Recruiters are among the many people who have been impacted by the economic downturn. The days of easy-to-fill requisitions with reasonable requirements and matching salaries are long past. Instead, when a job opening populates our Applicant Tracking System file, it is often an opening that is next to impossible to fill. These days, there are few openings for mid-level managers for which a company is willing to pay top dollar as well as provide relocation and pension.
Candidates for the hard-to-fill are also few and far between, as qualified candidates are usually already employed and in this economic climate, unwilling to move to a new position. With 30 of these purple squirrel openings in your queue, what's a recruiter to do?
To some extent, you need to post and hope, and post and pray.
We've all recruited like this before, usually in the beginning of our career before being creative was absolutely necessary. We'd get the posting on the job boards, social media sites, and company career sites and then wait for it to get picked up by Indeed and Simply Hired. A few days later, we'd check the folder for applicants, hoping and praying that the perfect candidate would be waiting for us. Back then, Applicant A was nearly always perfect -- she lived in the area, met salary requirements, had the experience, and worked for a direct competitor but did not have a non-compete to worry about. Today, not so much.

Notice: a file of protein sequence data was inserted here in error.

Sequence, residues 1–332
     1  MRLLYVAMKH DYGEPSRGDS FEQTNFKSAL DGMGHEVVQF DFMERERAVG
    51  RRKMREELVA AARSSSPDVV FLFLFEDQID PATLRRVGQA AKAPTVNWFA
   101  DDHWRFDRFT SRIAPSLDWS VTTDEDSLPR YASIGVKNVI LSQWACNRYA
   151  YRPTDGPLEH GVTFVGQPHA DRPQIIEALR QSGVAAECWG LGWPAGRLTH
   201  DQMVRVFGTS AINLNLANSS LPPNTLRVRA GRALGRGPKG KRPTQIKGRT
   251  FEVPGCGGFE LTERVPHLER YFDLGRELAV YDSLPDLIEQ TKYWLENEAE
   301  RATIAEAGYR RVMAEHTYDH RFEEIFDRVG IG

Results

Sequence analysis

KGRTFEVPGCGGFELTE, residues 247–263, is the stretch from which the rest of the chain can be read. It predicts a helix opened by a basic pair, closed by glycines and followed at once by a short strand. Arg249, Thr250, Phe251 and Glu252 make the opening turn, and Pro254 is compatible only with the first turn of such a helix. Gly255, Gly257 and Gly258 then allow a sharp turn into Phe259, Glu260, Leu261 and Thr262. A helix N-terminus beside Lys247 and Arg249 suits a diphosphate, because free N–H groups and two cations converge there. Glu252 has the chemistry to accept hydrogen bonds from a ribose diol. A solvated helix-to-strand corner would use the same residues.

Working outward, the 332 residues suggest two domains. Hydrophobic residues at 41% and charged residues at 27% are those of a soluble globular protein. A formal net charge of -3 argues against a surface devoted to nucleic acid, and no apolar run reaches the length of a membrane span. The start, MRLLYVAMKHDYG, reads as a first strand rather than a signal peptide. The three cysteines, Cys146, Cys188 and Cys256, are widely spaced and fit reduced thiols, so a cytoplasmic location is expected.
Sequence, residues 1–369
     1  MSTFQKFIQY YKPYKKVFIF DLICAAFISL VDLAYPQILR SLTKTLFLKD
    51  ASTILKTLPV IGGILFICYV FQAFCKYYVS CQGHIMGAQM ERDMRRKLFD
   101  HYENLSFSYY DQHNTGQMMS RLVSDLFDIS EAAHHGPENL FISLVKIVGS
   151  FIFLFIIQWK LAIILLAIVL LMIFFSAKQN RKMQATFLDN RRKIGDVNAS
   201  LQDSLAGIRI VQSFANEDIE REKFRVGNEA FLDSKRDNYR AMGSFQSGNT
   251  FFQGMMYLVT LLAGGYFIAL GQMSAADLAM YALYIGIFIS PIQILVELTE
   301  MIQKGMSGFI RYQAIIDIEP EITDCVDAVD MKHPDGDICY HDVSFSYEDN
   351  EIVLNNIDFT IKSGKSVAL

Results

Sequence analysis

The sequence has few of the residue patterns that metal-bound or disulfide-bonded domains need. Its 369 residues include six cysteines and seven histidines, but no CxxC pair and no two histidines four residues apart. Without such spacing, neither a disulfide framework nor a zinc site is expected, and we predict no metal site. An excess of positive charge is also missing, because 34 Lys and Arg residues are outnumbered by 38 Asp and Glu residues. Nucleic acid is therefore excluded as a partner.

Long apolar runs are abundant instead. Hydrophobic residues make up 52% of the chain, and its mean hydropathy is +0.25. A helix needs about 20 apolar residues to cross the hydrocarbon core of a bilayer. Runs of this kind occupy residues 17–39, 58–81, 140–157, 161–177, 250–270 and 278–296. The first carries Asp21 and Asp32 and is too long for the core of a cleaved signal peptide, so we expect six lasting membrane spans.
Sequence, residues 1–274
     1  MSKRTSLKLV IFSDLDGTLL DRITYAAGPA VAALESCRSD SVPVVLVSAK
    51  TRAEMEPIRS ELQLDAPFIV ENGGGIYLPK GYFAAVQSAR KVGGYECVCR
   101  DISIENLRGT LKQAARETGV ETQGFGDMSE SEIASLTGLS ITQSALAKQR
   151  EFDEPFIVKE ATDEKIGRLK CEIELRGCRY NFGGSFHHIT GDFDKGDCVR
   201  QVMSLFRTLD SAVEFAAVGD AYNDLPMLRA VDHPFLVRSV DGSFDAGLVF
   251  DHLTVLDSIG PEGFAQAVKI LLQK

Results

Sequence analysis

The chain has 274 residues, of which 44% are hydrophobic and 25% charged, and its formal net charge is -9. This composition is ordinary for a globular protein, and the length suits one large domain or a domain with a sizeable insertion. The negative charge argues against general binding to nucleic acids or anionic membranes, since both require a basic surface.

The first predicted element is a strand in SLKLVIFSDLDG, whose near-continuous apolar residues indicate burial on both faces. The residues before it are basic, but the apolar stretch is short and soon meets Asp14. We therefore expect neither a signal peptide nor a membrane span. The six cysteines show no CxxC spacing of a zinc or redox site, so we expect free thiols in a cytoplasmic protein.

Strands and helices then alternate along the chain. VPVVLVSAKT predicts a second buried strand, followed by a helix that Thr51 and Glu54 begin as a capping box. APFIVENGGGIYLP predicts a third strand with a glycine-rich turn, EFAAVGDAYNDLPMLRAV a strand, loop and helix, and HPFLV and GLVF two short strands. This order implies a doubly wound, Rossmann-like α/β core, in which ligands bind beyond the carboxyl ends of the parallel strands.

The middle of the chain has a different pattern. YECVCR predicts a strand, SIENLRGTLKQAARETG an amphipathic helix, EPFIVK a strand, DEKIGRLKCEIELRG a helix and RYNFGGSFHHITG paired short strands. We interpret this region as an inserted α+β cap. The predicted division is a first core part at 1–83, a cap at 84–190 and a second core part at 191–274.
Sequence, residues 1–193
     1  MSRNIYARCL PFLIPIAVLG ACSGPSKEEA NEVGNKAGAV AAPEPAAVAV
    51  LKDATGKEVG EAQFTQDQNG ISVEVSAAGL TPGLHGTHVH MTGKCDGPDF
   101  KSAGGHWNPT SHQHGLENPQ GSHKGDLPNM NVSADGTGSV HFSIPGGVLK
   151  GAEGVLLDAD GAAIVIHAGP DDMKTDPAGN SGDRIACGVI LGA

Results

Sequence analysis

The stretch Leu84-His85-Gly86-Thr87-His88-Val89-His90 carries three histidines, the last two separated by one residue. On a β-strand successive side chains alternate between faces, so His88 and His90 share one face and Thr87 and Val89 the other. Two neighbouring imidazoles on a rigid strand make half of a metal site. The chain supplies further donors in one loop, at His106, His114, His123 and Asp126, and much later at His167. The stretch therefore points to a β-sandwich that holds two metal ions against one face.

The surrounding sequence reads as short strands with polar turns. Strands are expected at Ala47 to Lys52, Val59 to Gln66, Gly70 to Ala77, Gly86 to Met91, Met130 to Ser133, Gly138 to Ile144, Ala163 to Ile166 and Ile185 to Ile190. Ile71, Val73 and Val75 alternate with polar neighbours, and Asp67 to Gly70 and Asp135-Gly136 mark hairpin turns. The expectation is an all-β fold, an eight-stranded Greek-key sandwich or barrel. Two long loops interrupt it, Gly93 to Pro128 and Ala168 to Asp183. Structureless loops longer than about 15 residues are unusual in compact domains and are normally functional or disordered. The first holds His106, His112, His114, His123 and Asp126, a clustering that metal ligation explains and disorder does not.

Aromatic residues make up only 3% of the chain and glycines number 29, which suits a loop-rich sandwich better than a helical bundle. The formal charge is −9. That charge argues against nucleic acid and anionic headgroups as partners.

While post and pray can get you started, alone it just isn't enough to fulfill the challenging needs of companies. You have to have a specific strategy for each requisition. The intake meeting is a crucial part of the recruiting process, as it's a chance for recruiters to gain all the information and knowledge needed from hiring managers that will help you build the strategy to hunt for the purple squirrel.
Today, creativity is the key to finding hard-to-find candidates and building a candidate pipeline. Recently, a Fortune 500 corporation thought out of the box and has been successful. This company, along with its recruiters, went to local technical schools and community colleges to recruit students on an engineering track. Once the student is selected, the company trains them specifically for the hard-to-fill openings and teaches them company-specific engineering schematics, design, and maintenance. This recruiting practice has received positive feedback and recognition as a long-term commitment from the company to the candidate.
For recruiters, being over-tasked with too many openings and hard-to-fill positions is part of the job. Ingenuity, as demonstrated by the organization above, is going to be the key to successfully filling the job with the best candidate in the least amount of time.
This post was written by former Seamless Workforce contributor Donna Vespe.